What You Missed + What’s Next: Two Talks with Artist Barbara Ségal
Ségal is a local artist who is known globally. Her work has appeared in galleries across the world, on the pages and screens of many art publications, and on video in a TEDx Talk. When he’s not lecturing, Kaplan’s work outside the classroom focuses on the influences of both Black and Jewish cultures on western works of art.
Both speakers referenced the diversity of sculpture over time. Kaplan compared Ségal’s use of different materials to techniques found in classic architecture. “… one thing that immediately came to mind was a church in Venice and the use of material and technique within the design.”
Ségal’s agreed with Kaplan’s observation, noting that she had been “blown away” by the architecture when she toured Europe as a young artist. Even today, Ségal says she remains focused on trying to reproduce the emotional feeling she had looking at the art and techniques done in Romanesque architecture.
Later, she shared her experience as a young artist arriving in Paris where she “sat down to a stone-carving workshop, not yet knowing how much she would love it.”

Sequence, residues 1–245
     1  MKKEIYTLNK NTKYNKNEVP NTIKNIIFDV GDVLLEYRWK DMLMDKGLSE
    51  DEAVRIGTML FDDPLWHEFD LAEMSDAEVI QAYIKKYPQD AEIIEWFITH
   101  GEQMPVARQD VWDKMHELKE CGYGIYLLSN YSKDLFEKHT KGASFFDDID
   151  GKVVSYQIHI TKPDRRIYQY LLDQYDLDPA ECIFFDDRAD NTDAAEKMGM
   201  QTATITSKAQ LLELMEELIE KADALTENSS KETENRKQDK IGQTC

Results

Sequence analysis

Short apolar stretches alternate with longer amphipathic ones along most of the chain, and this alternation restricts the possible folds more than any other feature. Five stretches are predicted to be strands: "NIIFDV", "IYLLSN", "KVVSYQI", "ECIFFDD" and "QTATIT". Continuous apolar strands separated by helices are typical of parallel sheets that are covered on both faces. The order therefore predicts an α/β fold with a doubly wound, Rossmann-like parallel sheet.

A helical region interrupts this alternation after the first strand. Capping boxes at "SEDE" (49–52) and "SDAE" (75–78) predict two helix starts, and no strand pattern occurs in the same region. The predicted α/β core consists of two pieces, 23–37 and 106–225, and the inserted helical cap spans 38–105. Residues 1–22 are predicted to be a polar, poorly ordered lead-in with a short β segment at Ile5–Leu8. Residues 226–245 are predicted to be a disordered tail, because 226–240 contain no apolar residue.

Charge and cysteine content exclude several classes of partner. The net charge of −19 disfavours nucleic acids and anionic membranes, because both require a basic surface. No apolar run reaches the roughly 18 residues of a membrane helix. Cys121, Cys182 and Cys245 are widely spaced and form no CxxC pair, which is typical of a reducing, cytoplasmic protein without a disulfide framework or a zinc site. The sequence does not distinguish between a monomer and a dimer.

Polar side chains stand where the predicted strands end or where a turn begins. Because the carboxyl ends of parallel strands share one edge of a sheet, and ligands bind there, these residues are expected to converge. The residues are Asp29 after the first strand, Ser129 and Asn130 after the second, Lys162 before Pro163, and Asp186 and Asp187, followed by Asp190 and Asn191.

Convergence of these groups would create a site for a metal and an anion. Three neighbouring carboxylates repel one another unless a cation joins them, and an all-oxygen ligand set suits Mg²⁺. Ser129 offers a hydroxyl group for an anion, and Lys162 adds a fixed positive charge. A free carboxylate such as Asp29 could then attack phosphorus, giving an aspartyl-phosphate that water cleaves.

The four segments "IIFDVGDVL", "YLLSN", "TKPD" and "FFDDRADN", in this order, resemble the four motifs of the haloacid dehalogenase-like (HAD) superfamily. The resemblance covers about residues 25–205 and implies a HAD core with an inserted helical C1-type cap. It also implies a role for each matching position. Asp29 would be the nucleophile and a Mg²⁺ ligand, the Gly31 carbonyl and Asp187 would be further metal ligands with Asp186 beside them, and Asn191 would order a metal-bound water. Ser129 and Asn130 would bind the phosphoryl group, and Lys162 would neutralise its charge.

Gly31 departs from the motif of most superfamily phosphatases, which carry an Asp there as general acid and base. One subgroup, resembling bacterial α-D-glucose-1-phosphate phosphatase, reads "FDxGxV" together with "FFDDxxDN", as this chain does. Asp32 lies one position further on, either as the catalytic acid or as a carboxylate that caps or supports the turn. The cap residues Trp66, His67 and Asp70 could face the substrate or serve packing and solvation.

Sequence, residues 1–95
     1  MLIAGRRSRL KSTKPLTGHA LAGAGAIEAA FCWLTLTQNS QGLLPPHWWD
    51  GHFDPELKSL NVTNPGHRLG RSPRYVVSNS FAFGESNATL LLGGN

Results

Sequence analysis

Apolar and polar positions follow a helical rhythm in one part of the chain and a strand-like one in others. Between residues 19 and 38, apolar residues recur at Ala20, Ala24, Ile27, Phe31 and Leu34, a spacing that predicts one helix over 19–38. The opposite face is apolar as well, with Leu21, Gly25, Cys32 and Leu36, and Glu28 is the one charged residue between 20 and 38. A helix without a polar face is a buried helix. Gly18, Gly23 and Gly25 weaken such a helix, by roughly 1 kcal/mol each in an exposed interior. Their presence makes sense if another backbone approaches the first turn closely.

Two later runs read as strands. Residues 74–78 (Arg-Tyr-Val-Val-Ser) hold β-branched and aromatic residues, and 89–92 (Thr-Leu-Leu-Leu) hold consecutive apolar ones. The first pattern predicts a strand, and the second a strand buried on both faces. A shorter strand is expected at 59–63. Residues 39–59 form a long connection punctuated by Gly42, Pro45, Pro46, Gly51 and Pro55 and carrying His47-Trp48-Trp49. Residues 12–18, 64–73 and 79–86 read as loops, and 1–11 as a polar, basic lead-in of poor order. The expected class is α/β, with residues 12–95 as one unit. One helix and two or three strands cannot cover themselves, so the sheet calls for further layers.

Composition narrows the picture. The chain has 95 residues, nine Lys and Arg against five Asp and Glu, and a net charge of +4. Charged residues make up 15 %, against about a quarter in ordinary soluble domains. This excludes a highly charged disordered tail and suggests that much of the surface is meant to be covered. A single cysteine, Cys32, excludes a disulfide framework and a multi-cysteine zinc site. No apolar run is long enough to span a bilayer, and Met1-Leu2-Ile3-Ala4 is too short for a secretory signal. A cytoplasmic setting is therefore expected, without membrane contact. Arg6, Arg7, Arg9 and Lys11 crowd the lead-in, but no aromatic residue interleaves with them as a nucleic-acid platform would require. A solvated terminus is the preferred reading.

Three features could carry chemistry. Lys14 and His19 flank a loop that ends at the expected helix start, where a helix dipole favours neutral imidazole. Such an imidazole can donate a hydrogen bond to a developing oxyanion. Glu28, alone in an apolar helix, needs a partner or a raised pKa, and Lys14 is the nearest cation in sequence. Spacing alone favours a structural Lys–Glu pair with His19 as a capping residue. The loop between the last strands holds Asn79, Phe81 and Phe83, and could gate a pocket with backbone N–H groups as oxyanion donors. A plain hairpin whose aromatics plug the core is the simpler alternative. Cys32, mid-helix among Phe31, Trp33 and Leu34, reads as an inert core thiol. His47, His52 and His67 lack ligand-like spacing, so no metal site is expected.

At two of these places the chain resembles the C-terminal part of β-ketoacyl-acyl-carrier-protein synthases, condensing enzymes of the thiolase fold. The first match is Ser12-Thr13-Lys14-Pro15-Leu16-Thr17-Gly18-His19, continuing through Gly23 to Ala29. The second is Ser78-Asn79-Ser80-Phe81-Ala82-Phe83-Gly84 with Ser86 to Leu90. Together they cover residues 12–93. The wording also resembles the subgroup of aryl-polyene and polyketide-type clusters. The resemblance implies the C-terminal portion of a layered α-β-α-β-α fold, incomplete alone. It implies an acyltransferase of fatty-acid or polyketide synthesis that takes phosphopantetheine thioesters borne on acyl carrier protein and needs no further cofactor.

After hearing about Ségal’s life and work, along with Kaplan’s art history background and influence, the conversation was opened up for a discussion with those who were watching online. Rem started the questions by asking about the artist’s production technique and tips for Purchase art students who might be struggling with what to focus on when sculpting: “When working with objects from stone, do you focus solely on observation or does photography and drawing come into play?”
“I look at the object,” Ségal replied. “I use a lot of photography. I used to draw a lot … but I don’t anymore. Everything I do now is on Photoshop. I make a lot of virtual studies.” The artist also said she often relies upon 3-D clay models as the base for her sculpting.
The final question of the evening was specific to the motivation behind Dash.
“It was just fate,” she said.
If you missed this artist talk, the recording will be posted soon. You also have a chance to see another session ‘live’ as Barbara Ségal returns on April 22 at 6pm for another Zoom Artist Talk with Professor Mary Kosut from Purchase’s Sociology Department and Professor Leslie Wilson from the college’s Art History faculty. Don’t miss your chance to meet the artist virtually and ask her your questions!
Neuberger Museum of Art
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